There is nothing quite like homemade Mango Jam. Right now, the mango season is in its prime and in homes, across the islands, mango-jam-making is in full swing. Batches of jam are being whipped up to share with family and friends during the year.
But I’ll be perfectly honest with you— this house isn’t one of them! I’ve never made mango jam. But I sure do like to eat it! Like I said before, there’s nothing like homemade mango jam, smeared atop fresh coconut bread or island flitters!
Even though I didn’t make it, this recipe is such an island tradition that I just have to write a blog post about it. I want to document the process for future generations who would like to know how to make it. And you never know, one day I may just attempt making mango jam myself!
This entire recipe post was made possible because of my mother and father. My mom had been collecting mangoes in the freezer for weeks and was about to begin making a batch of jam, so I begged her to write everything down this time. My dad then promised to take pictures of her making it. And they kept their promise as they always do. She wrote everything down and emailed me the recipe. He took the pictures with his iPhone and air-dropped them to me when I visited the other day. So this post is entirely their work. I’m simply putting it together and sharing it with you!
I have a cousin who’s son once asked: “Mom, how do you jam a mango?” She didn’t have an answer and I wouldn’t have either. So here in this post, let’s demystify the process of making — mango jam!
Steps in Making Mango Jam
Start with about four dozen native island mangoes (round mangoes). Peel mangoes and put them in a large pot with water covering them completely.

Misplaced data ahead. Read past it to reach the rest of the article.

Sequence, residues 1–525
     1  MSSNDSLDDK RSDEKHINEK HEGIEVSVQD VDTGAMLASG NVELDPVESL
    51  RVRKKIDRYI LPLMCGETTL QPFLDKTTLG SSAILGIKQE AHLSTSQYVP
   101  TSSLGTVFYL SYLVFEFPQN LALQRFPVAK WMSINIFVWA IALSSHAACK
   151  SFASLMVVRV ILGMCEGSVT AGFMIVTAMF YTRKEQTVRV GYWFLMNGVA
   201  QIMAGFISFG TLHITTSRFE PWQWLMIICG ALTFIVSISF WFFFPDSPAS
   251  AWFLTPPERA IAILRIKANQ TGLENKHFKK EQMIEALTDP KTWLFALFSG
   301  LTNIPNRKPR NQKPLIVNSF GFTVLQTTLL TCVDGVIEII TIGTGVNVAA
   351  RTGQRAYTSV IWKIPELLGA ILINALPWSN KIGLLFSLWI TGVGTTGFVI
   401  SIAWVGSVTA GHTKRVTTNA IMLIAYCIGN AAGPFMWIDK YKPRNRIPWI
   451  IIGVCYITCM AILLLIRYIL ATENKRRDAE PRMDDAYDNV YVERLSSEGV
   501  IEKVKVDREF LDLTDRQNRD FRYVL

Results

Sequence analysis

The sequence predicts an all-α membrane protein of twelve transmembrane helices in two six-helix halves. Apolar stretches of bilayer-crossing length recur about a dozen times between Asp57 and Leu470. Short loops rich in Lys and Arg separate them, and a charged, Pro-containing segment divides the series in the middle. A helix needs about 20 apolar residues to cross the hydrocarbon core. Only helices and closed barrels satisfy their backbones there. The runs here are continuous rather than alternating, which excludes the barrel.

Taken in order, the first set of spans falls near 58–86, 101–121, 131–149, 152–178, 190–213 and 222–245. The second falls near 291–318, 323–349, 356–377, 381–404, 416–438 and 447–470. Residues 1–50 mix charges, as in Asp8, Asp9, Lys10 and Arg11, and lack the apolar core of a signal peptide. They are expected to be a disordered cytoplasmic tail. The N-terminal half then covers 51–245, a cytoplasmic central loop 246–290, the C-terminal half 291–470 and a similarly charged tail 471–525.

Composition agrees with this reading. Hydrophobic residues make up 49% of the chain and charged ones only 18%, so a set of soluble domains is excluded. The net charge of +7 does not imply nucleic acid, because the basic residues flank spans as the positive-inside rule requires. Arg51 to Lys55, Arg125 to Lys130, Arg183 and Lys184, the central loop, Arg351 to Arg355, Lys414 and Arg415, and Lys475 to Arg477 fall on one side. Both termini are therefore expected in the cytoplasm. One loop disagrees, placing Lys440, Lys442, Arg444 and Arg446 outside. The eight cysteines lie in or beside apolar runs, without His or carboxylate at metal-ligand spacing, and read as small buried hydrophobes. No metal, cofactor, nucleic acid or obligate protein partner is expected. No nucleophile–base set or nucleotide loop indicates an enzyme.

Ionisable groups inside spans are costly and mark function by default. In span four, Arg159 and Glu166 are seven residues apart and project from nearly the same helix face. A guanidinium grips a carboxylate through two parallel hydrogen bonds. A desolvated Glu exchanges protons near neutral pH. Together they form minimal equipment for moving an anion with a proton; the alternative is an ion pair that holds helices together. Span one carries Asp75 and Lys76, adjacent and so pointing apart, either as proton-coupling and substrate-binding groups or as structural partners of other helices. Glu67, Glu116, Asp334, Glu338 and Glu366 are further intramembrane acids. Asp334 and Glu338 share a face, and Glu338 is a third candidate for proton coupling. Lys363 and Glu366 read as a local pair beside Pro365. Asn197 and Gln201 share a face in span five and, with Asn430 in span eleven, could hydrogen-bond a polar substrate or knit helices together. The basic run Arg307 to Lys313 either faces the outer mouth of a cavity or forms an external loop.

Spoon the mango jam into sterilized bottles while it is still hot.
While the jam cools, the cover will seal, and you’ll hear a popping noise; however, if they don’t seal, stand the bottles in a pot of water and bring them to a boil once again and let cool at its own pace. Once sealed you can store jam on the shelf for several months and wait until you open the jar to refrigerate. If they don’t seal, you should refrigerate the same day.
Mango Jam is the most favored of all homemade jams in the Bay Islands!
- 48 ea Mangoes Small Native Island Mangoes
- 14 Cups Sugar
- 1/2 Cup Salt
- 3.5 Oz Sure Jell 2 Packaages
- Peel mangoes and put in a large pot.
- Cover completely with water.
- Boil for one hour or longer depending on how fresh the mangoes are.
- Let cool overnight.
- Wash mangoes with cooking water over a large colander to extract the pulp.
- Mix Sure Jell, sugar, and salt.
- Add to the pulp and mix well.
- Cook again until it is reduced by half.
- Ladle the jam into sterilized bottles and allow to cool.
This recipe yielded 28 cups of pulp. The ratio of pulp to sugar is 2:1. Measure the pulp, one cup at a time, to make sure you have the correct ratio.